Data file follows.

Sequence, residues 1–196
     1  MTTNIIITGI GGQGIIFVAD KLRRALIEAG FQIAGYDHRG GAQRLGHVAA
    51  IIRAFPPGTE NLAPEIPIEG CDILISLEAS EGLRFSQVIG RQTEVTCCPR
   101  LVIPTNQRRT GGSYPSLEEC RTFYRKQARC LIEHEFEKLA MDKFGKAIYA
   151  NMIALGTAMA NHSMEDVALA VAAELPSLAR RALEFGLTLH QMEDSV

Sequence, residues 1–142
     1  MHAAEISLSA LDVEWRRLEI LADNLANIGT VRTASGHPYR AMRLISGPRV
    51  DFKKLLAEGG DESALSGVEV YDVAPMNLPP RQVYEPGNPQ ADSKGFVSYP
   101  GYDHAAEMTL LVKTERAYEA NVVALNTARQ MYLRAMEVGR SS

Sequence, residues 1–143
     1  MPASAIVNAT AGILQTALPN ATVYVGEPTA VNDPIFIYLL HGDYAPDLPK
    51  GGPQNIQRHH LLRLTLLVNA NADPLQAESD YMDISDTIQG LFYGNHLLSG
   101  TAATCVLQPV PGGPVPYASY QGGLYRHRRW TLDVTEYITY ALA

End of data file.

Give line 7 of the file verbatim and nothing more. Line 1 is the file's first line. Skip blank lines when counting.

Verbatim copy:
     1  MHAAEISLSA LDVEWRRLEI LADNLANIGT VRTASGHPYR AMRLISGPRV